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Frontiers In Cellular And Infection Microbiology
Perot, BP;Garca-Paredes, V;Luka, M;Mnager, MM;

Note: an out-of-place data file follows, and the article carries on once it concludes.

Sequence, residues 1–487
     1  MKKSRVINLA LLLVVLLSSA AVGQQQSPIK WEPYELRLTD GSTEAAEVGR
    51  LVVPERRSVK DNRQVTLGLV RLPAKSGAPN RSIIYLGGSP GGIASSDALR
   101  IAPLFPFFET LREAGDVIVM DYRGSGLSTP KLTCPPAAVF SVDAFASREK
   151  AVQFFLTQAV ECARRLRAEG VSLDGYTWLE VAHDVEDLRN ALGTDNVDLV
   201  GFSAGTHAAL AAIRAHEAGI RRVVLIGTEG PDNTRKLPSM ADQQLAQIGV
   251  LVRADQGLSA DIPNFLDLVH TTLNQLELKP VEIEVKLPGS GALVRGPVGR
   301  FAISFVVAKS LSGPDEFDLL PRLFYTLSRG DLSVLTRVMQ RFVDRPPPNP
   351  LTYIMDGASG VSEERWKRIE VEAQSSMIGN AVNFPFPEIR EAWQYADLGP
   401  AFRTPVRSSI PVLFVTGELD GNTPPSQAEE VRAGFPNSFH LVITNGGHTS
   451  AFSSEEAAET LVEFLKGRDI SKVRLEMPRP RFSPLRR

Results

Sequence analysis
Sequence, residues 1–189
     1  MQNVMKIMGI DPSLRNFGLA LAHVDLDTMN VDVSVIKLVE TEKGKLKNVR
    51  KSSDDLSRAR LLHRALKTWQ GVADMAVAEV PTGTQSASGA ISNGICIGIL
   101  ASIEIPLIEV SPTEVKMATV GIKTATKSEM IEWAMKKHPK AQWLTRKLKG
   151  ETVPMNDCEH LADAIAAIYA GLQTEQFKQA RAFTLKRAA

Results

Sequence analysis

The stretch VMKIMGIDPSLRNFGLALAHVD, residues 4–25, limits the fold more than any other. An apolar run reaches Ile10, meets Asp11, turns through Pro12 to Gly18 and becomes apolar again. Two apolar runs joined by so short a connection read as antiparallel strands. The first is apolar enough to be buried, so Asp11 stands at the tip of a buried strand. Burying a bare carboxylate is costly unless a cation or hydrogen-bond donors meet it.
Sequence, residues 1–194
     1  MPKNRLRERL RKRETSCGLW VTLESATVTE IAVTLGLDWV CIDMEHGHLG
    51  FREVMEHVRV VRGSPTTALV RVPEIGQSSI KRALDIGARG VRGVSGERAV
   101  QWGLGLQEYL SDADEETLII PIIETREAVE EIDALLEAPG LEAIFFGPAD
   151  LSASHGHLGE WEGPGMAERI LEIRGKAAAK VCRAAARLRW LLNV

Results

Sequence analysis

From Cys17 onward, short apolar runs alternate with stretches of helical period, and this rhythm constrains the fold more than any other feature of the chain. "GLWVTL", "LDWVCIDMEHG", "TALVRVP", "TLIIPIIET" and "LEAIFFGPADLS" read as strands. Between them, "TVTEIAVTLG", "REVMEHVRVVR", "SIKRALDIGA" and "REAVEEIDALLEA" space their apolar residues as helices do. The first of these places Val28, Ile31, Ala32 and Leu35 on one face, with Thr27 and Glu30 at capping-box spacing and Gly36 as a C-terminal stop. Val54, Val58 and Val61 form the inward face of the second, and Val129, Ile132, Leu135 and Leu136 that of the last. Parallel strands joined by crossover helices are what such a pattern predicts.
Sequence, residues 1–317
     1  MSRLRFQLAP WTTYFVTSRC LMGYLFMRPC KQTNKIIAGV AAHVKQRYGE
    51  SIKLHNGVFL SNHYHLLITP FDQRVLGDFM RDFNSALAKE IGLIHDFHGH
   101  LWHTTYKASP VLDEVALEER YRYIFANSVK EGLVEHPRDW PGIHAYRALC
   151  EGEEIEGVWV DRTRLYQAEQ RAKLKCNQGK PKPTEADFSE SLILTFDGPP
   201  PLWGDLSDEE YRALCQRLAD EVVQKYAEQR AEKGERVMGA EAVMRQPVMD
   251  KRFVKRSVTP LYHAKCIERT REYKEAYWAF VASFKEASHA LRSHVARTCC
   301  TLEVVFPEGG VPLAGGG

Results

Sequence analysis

Dendritic cells (DCs) serve a key function in host defense, linking innate detection of microbes to activation of pathogen-specific adaptive immune responses. DCs express cell surface receptors for HIV-1 entry, but are relatively resistant to productive viral replication. They do, however, facilitate infection of co-cultured T-helper cells through a process referred to as trans-infection. We previously showed that tetraspanin 7 (TSPAN7), a transmembrane protein, is involved, through positive regulation of actin nucleation, in the transfer of HIV-1 from the dendrites of immature monocyte-derived DCs (iMDDCs) to activated CD4+ T lymphocytes. Various molecular mechanisms have been described regarding HIV-1 trans-infection and seem to depend on DC maturation status. We sought to investigate the crosstalk between DC maturation status, TSPAN7 expression and trans-infection. We followed trans-infection through co-culture of iMDDCs with CD4+ T lymphocytes, in the presence of CXCR4-tropic replicative-competent HIV-1 expressing GFP. T cell infection, DC maturation status and dendrite morphogenesis were assessed through time both by flow cytometry and confocal microscopy. Our previously described TSPAN7/actin nucleation-dependent mechanism of HIV-1 transfer appeared to be mostly observed during the first 20 h of co-culture experiments and to be independent of HIV replication. In the course of co-culture experiments, we observed a progressive maturation of MDDCs, correlated with a decrease in TSPAN7 expression, a drastic loss of dendrites and a change in the shape of DCs. A TSPAN7 and actin nucleation-independent mechanism of trans-infection, relying on HIV-1 replication, was then at play. We discovered that TSPAN7 expression is downregulated in response to different innate immune stimuli driving DC maturation, explaining the requirement for a TSPAN7/actin nucleation-independent mechanism of HIV transfer from mature MDDCs (mMDDCs) to T lymphocytes. As previously described, this mechanism relies on the capture of HIV-1 by the I-type lectin CD169/Siglec-1 on mMDDCs and the formation of a “big invaginated pocket” at the surface of DCs, both events being tightly regulated by DC maturation. Interestingly, in iMDDCs, although CD169/Siglec-1 can capture HIV-1, this capture does not lead to HIV-1 transfer to T lymphocytes. Copyright 2020 Perot, Garca-Paredes, Luka and Mnager.